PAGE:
The face of music education in New Orleans changed in the late 1960s and early 1970s, when, after more than a decade of resistance, the city’s school system desegregated in earnest. The ensuing departure of white students meant public school bands became predominantly Black cultural institutions. Marching bands in particular gained city-wide prominence through their performances in Mardi Gras parades. Though the schools were chronically under-funded, devoted band directors and boosters helped make these programs points of pride. They also produced musicians who would power the brass band revival of the 1980s and 90s (several after-school programs and summer camps contributed on that front, too).
Marsalis helped inaugurate the first formal jazz program in New Orleans’ public schools at the New Orleans Center for the Creative Arts (NOCCA) in 1973. It cultivated students’ awareness of music history and business savvy along with their instrumental chops, and launched a slew of nationally influential artists, including Donald Harrison, Jr., Harry Connick, Jr., Nicholas Payton, Troy “Trombone Shorty” Andrews, Christian Scott aTunde Adjuah, and Jon Batiste (as well as Marsalis’ sons, Branford, Wynton, Delfeayo, and Jason).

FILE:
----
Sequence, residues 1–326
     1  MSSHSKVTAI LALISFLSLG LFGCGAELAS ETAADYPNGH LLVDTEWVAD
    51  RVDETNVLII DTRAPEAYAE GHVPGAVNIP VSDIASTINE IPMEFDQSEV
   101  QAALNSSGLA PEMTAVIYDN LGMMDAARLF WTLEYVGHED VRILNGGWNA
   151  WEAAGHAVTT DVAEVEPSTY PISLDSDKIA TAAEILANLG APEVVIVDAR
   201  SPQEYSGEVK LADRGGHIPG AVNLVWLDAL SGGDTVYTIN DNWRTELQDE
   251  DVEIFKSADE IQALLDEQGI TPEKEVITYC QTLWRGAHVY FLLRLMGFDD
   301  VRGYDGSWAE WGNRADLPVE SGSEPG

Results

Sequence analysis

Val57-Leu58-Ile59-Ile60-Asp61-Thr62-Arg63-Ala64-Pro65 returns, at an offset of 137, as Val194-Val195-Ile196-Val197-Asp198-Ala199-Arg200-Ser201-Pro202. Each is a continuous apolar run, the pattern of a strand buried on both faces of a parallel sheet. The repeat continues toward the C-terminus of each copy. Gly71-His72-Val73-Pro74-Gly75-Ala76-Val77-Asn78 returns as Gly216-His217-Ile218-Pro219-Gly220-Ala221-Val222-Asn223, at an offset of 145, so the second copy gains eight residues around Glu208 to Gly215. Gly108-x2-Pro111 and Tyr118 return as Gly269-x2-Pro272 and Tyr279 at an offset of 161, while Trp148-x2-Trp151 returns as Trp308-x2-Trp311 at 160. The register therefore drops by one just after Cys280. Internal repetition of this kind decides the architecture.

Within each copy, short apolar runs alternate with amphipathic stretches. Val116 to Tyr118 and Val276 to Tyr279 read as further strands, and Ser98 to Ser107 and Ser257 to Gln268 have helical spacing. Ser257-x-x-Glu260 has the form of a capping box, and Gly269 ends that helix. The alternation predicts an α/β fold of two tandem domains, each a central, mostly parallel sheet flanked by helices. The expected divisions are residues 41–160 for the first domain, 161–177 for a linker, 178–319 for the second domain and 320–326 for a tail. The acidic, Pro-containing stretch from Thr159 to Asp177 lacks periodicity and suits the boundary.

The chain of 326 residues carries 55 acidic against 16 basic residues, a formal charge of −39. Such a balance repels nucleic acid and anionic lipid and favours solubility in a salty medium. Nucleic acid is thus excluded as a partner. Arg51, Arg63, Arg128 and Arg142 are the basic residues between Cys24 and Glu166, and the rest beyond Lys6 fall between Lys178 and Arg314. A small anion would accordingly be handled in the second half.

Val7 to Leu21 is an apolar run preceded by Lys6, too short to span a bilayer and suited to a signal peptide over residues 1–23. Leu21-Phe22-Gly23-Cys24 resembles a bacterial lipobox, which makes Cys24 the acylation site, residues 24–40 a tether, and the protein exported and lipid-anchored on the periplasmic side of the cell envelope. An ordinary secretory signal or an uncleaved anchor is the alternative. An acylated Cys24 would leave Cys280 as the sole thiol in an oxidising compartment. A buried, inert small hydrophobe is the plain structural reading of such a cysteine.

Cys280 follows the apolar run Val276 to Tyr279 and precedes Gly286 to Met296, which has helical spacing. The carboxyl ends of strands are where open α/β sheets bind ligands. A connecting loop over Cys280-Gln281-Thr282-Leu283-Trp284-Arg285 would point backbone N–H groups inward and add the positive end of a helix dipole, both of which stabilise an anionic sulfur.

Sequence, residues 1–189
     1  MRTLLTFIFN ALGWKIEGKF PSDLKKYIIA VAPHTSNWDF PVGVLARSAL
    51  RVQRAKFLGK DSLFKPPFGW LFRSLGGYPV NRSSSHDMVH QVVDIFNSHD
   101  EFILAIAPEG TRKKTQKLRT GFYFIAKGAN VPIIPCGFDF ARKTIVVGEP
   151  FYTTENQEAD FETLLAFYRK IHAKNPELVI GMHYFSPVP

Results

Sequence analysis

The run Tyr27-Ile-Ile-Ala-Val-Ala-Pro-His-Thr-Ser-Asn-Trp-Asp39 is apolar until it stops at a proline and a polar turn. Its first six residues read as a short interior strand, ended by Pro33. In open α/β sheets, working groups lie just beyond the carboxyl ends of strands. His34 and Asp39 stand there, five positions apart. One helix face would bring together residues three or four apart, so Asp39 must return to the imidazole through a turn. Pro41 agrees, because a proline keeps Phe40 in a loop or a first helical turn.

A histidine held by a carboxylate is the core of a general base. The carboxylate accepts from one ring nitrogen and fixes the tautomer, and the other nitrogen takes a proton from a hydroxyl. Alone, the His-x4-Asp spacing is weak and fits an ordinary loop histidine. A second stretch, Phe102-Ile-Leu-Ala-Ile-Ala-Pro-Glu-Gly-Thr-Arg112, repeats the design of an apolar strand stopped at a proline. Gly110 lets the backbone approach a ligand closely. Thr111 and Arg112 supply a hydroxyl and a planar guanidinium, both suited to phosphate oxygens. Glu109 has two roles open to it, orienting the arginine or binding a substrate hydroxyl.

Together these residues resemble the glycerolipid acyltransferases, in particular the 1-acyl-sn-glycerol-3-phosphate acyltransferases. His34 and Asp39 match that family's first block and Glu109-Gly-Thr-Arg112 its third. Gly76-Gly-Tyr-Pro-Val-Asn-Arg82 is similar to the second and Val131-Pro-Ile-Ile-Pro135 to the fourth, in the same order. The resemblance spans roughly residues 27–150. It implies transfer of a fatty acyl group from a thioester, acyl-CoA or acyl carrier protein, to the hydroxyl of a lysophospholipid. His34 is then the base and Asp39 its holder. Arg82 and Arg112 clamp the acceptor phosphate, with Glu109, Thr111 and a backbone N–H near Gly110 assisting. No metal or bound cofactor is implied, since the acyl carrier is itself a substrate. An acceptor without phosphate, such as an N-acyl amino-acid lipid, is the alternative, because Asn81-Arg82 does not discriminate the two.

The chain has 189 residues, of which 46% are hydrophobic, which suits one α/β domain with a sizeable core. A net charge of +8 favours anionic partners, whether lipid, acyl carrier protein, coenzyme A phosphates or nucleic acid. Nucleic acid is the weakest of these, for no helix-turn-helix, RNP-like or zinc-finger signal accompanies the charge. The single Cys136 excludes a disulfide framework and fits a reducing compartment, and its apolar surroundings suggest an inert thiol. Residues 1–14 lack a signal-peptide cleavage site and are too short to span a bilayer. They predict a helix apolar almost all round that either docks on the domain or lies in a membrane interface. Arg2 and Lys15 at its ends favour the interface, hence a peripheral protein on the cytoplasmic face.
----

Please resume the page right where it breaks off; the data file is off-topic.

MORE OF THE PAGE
Marsalis also founded the jazz studies program at the University of New Orleans in 1988, tapping the great Harold Battiste, an old bandmate, as a professor. Other world-class teaching artists anchored university programs in the area, including Alvin Batiste at Southern University in Baton Rouge, Edward “Kidd” Jordan at Southern University in New Orleans, Dr. Michael White at Xavier University, Maynard Chatters at Dillard University, and Terence Blanchard (another NOCCA alumnus) at the University of New Orleans and the Monk Institute at Loyola University.
In the aftermath of Hurricane Katrina in 2005, the city laid off public school teachers en masse and thousands, including veteran band directors, were never rehired. The post-Katrina displacement of roughly 100,000 Black residents from New Orleans also did heavy damage to community-based music instruction in churches and homes, where many students lost contact with elder artists.
In the absence of systemic public support, privately funded non-profits sought to fill in some of the gaps. Since 2008, one of the most successful has been the Roots of Music, an after-school marching band for middle-schoolers, the brainchild of Rebirth Brass Band snare drummer Derrick Tabb. Growing up in Treme in the 80s, Tabb learned to play by following the second lines that went by his house, practicing with his neighbors, and being drilled by career band directors at his nearby middle and high schools. With opportunities like these limited for students today, the pressure is on to cultivate the next generation of New Orleans musicians.